RECORD: Litchfield, Henrietta. nd. 'The way in which my Father got to go with the Beagle'. CUL-DAR262.23.4 (Darwin Online,

REVISION HISTORY: Transcribed by Kees Rookmaaker 5.2006 and revised 10.2006. RN1

NOTE: This document has five pages, of which pages 2-5 were numbered by the author in the upper right hand corner. Only the recto of the sheets are used. The text is written in pen.

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Reproduced with the permission of the Syndics of Cambridge University Library and William Huxley Darwin.


The way in which my Father got to go with the Beagle
Oct 1873

Capt Fitzroy sent through Capt. Beaufort to "Old Peacocke" of Cambridge to ask if he knew of any energetic young man fit to observe the Nat. Hist of the countries at which they wd touch & to collect specimens - only reserving for himself the task of observing the savages with whom they might come in contact. For this purpose he generously offered to share his cabin if anyone could be found to come. The Govt allowing nothing for such a purpose, but rations of [circuit] grog rum & salt-beef.

Through Peacocke Prof Henslow stated that


though my Father knew very little he would be fit for the purpose & would be active & zealous. My Father was delighted with the scheme: but he found that the Doctor thought it utterly wild & foolish & that to go would be the ruin of his career. He ended by raging, "Well if you could find one sensible man who thinks it a wise scheme you may go." Seeing how strong was his Father's object disapproval my Father gave it up with many pangs.

This took place just before the 30th Aug on wh. day my F. went over as was his universal custom to Maer alot Mr Wedgwood a place about 20 miles off belonging to his uncle Mr Wedgwood to be ready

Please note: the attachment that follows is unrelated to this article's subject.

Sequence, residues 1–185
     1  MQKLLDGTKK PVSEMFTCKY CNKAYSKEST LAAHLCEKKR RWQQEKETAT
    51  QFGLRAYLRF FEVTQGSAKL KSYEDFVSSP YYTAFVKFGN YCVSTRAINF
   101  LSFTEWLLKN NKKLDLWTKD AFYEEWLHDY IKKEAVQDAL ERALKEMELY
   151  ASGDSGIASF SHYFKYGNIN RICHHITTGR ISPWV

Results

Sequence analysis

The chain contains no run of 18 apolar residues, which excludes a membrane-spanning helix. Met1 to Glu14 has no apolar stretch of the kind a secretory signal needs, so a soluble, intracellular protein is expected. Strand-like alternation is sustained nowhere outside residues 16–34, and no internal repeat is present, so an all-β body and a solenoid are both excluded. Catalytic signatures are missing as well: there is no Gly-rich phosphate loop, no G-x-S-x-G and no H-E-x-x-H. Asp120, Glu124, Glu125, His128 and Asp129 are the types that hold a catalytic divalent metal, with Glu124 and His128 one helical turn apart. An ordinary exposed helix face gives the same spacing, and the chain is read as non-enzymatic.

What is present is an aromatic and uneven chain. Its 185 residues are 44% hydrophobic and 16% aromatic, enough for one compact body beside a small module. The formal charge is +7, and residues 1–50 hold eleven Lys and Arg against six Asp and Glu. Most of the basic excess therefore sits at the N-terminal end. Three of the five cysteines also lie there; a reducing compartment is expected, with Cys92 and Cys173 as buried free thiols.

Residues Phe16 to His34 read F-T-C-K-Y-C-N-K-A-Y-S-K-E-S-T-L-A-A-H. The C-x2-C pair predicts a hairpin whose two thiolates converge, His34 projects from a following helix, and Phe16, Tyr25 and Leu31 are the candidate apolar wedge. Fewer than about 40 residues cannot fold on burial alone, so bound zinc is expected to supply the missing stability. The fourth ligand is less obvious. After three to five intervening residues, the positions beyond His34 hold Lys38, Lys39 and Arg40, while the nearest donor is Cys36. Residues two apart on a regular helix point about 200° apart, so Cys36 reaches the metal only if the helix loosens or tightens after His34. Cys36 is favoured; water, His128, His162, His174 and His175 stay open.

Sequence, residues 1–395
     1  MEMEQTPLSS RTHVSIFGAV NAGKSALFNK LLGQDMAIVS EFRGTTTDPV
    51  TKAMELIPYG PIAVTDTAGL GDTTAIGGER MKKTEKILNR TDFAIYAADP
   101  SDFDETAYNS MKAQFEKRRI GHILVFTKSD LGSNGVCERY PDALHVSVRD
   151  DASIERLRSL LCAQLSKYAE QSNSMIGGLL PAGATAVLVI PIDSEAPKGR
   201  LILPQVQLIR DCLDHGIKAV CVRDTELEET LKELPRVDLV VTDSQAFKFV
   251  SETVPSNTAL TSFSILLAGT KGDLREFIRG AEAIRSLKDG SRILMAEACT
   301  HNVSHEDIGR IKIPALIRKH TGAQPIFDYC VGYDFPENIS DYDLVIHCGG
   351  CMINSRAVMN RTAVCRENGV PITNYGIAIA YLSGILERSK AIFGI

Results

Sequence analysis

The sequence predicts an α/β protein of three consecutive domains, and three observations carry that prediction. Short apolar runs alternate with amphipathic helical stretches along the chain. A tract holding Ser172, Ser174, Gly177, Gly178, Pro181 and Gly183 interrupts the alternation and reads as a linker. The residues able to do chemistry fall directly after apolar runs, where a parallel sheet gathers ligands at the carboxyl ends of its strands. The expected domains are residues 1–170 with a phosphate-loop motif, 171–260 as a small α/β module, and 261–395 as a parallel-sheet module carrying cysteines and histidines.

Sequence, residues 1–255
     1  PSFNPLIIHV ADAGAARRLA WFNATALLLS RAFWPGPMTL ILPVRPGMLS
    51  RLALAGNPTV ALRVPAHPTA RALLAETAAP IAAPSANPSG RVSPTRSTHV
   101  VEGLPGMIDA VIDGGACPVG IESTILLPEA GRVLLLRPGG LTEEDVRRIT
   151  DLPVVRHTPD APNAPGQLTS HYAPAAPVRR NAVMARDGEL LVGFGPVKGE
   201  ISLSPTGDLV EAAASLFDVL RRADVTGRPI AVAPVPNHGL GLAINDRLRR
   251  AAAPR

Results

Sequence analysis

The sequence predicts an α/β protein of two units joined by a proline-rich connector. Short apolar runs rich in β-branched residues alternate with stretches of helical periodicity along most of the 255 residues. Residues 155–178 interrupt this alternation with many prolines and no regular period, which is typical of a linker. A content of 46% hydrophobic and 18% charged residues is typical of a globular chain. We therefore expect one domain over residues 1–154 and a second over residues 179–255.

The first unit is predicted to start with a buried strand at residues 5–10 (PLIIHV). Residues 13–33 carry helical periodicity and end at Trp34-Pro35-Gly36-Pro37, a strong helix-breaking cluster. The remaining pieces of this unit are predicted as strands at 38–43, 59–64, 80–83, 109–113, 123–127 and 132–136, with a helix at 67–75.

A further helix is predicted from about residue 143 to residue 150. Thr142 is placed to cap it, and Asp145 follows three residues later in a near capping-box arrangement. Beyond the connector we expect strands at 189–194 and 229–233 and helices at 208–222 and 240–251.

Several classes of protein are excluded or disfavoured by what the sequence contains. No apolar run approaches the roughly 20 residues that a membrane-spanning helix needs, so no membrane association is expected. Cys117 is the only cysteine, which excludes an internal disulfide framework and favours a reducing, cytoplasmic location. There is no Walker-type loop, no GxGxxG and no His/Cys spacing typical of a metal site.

for the 1st Sept. for he was a keen & eager sportsman. Indeed he has told me that he never hardly slept the night before the 1st. When he was at Maer his keen hope was that none of the sons of the family meant to go shooting. in wh. case If they did out of decency he must wait for them, then he knew that they wouldn't be off till 8 ock. When he was going alone orders were given to the gamekeeper over night to throw stones at his window & wake him, cold breakfast was put in the kitchen & he used to creep down with boots in hand & let himself out as soon as it began to be daylight & be off to his shooting.

But to go back to the B When he arrived at Maer he was


lamenting his fate & happened to repeat his father's last words to Mr Wedgwood. His delight was great on finding that Mr W. was of quite a different opinion & thought that it would be a fine opening for Father. The Doctor had an unbounded respect for Mr Wedgwood so that when he said that he would set off with him in the dog cart next day & go back to Shrewsbury to talk it over with the Doctor my father felt the battle was won. The difficulty of his fathers objections was thus got over, & it was arranged to accept Fitzroy's offer.

My father, however, heard afterwards


from Fitzroy that he very nearly gave up taking him for an original reason. It appears that he had a great belief in physiognomy & on seeing my F. made up his mind that no man with such a nose could have energy. I believe, however, that his brow saved him.

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